The resolution stated that the council, “reiterates its support for all the workers at the Port of Los Angeles, and calls on all companies who conduct business at the Port of Los Angeles to comply with federal and state employment and labor laws and provide them with the same wage and benefits protections afforded to all employees in our city.”

    The resolution was co-authored by Councilman Bob Blumenfield and Council President Herb Wesson, with Councilwoman Nury Martinez seconding. But two other council members delivered perhaps the most moving council testimony of the day.

    “I rise as the son of a Teamster and as the brother of a Teamster,” said Councilman Mitch O’Farrell, triggering a round of spontaneous applause. “I want to reiterate my support. This is a basic request that all companies at the Port of Los Angeles comply with state and federal labor laws. It’s that simple. Our workers, our men and women in the Teamsters, and our workers at the Port of Los Angeles deserve that basic right, and their families need these benefits that they fight so hard for every day and that they work for every day. I personally know what that is like, growing up, as I said, as the son of a Teamster, so I urge a unanimous ‘aye’ vote on this important resolution. Let’s support our workers at the port.”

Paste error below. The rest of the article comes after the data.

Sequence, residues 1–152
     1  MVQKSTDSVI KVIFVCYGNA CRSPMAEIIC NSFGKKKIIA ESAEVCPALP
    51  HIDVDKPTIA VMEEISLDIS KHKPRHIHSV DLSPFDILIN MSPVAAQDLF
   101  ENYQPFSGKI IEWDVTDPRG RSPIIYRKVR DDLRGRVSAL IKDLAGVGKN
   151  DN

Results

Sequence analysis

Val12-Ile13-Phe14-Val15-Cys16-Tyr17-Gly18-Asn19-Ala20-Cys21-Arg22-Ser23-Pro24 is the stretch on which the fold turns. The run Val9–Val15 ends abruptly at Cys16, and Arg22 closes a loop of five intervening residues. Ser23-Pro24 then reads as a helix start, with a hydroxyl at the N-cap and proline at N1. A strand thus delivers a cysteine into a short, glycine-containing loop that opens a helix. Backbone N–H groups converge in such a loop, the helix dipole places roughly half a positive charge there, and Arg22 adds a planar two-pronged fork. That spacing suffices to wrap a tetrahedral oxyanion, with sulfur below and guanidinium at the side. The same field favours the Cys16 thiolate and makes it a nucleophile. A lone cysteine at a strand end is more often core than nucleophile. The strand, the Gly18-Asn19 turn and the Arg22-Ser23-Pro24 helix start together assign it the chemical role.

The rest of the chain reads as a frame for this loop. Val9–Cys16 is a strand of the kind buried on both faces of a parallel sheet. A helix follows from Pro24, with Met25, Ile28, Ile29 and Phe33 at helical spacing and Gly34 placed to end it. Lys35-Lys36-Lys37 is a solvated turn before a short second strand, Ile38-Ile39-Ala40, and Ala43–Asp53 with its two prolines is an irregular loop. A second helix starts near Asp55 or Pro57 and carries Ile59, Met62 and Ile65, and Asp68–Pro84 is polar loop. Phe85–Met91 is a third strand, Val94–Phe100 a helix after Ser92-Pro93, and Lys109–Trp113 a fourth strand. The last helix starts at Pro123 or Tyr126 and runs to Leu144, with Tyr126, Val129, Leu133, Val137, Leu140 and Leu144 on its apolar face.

Councilman Paul Koretz recalled perhaps the earliest hearing on the issue, which he convened a decade ago as chairman of the Labor and Employment Committee in the state Assembly. Among those in attendance was Rep. Janice Hahn, then a member of the LA City Council.

    “We were talking about wage theft, and we were talking about misclassification; we were talking about working conditions,” Koretz recalled. “The amazing thing is that this is still an issue, and we still haven’t found a way to resolve it…. I want to let you know that I, for one, am 100 percent behind you, as I always have been and I will be until we find a way to get this done. I believe I am speaking for most, if not all, of my colleagues in saying that as well. We are behind you. We want to get the word out. And we want to solve this problem.”